Monday Night Politics features candidates in runoff election

DIANE XAVIER | 5/20/2016, 1:41 p.m.
Monday Night Politics: Meet the Candidates hosted a forum for the runoff elections in Dallas County. The event took place ...
From left: Matt Houston moderated Monday Night Politics: Meet the Candidates, featuring John R. Ames, Nancy Kennedy and Tracey Gulley, May 16 Diane Xavier

The Dallas Examiner

Monday Night Politics: Meet the Candidates hosted a forum for the runoff elections in Dallas County. The event took place Monday at the African American Museum in Fair Park.

The forum was moderated by Matt Houston and featured candidates in the runoff election for the tax assessor-collector with John R. Ames and Bennie Elenora Brown, Criminal Court District Number 2 judge with Nancy Kennedy and Chika Anyiam, and for constable Precinct 1 with Tracey Gulley and Mae Jackson.

The evening began with the race for the tax assessor-collector. Brown was not present.

Ames introduced himself and explained why he was seeking reelection for this office.

“These positions you hear about today, affect your daily life,” he said. “For the last eight years, I’ve done what I think is a clean-up job as the Dallas County tax assessor-collector. I consider myself the tax-assessor janitor. I inherited an office that was 20 years behind on everything. It was behind on technology, behind on customer service, it was behind on facility needs, behind on staffing, and so we went in there and changed those things. We made sure every employee had a computer. We’ve increased things like how you can pay your taxes. We can’t do things like our health care system, our emergency services; have new teachers in our classrooms, without property taxes. My office has created the highest efficiency rate to collect taxes.”

Ames was asked the following questions:

Question 1: In your next term, is there unfinished business that you would like to do?

Ames: When I am elected, one of the things we are working on now with our Commissioner’s Court is our facilities – some of which are not big enough. We are in the process of getting a bigger facility, which will allow us to service more customers. We are also going to redo our South Dallas government center on Polk Street. Our biggest problem right now is working with the state of Texas. The Department of Motor Vehicles is making rules left and right that what needs to be done in people’s registration and car titles affects us here too.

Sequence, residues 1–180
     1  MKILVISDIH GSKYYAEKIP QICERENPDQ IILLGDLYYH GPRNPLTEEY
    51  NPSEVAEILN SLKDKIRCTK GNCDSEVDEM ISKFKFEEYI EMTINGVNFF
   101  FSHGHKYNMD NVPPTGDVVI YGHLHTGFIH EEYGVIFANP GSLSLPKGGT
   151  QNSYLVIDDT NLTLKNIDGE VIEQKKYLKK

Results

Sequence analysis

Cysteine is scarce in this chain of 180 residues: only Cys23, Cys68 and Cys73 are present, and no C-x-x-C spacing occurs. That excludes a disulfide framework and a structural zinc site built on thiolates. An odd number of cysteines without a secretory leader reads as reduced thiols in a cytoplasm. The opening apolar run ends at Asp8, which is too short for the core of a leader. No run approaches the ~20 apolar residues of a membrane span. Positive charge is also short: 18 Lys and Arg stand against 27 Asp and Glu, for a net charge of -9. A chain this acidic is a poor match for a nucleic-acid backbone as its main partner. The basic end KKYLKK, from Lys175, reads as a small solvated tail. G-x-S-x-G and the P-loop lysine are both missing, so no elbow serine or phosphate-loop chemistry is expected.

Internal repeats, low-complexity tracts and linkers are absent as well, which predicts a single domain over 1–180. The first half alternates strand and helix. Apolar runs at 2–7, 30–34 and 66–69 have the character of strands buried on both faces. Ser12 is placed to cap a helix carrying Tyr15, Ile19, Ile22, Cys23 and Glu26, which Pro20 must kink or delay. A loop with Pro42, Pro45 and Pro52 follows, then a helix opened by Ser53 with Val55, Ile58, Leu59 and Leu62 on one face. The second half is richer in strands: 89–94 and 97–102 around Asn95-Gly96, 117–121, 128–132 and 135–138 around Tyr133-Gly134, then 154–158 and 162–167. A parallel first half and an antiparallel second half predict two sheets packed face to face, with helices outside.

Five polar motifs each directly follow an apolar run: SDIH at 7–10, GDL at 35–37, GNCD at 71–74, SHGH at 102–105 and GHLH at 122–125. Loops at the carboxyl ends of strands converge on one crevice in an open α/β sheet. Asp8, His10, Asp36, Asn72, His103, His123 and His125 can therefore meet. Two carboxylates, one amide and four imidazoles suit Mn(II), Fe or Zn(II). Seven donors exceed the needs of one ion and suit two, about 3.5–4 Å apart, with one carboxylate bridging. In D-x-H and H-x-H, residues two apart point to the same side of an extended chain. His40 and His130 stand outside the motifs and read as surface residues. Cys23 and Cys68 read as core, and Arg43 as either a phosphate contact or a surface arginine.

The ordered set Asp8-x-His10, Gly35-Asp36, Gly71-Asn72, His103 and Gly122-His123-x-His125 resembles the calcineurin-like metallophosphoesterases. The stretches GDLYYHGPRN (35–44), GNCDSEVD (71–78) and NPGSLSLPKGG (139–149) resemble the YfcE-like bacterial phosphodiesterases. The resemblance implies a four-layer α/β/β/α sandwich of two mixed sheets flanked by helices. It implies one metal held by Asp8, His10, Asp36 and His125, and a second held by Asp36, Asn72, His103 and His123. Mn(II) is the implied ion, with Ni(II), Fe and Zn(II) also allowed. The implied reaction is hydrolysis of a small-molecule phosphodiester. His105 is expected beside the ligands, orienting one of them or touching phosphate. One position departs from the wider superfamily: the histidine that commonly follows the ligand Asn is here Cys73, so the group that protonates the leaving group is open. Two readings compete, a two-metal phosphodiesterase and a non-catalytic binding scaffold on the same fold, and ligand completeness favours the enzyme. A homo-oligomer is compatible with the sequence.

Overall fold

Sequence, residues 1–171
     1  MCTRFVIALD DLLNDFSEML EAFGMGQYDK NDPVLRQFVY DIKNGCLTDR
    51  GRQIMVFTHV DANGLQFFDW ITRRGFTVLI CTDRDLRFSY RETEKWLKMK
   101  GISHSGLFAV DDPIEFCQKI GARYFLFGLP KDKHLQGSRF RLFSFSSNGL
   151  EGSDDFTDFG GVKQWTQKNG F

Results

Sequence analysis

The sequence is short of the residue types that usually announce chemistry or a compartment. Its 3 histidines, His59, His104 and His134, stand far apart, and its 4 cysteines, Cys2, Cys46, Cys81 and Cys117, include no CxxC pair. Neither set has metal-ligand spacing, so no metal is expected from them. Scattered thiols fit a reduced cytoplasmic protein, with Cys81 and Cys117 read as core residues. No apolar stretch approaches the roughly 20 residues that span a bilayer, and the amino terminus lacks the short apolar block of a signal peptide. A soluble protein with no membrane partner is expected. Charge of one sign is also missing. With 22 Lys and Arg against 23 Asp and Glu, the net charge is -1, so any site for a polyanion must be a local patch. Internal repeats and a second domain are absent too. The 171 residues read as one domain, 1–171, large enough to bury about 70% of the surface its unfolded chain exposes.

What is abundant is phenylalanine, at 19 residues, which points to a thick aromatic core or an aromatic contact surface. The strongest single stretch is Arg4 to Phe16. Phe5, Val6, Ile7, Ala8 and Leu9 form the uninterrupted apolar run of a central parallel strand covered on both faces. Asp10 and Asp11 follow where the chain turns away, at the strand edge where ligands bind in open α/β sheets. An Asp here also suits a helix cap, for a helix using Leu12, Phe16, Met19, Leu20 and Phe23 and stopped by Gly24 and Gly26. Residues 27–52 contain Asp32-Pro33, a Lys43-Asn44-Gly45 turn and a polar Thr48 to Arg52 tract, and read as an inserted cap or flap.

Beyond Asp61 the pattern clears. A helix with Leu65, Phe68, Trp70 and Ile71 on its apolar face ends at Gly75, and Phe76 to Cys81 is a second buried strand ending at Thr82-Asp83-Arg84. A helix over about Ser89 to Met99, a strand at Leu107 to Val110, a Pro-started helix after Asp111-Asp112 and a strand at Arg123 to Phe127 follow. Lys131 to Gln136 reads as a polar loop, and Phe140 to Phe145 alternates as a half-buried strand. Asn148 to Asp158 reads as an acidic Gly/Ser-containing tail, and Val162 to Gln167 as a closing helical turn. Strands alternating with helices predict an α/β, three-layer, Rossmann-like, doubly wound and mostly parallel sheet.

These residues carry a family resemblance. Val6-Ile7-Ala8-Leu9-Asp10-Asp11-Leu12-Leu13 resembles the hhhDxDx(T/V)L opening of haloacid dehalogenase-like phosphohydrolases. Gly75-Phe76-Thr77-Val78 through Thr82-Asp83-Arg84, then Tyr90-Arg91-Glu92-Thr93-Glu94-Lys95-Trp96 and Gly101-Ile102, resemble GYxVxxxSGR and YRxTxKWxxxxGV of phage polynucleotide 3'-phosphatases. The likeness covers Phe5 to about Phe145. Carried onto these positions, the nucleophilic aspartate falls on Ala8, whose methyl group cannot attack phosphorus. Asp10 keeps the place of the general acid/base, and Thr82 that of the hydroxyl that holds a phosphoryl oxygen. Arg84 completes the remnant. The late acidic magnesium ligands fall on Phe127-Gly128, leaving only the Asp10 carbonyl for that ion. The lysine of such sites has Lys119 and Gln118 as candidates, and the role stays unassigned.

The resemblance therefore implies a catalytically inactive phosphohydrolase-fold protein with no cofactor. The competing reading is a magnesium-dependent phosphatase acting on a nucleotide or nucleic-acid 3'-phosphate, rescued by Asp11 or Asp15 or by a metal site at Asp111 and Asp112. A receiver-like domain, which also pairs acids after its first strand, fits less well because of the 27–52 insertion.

Question 2: With all the monies received and procurement opportunities available, tell us the scope of opportunities for African Americans.

Ames: As Dallas County tax assessor-collector, it is my responsibility to take the appraised value of property taxes, put a tax bill together and send those out to get that money. When I get that money as quickly as possible, I actually give it to those entities. For example, county commissioners, it’s at this point when they decide how they are going to spend the money our office has collected for them. The tax assessor does not have the authority to determine how the money is spent and where it goes. It all comes down to the Commissioner’s Court, the City Council and the school board.

Question 3: Could you go into greater detail what exactly you do as tax assessor-collector and what are the skills set needed to do that job?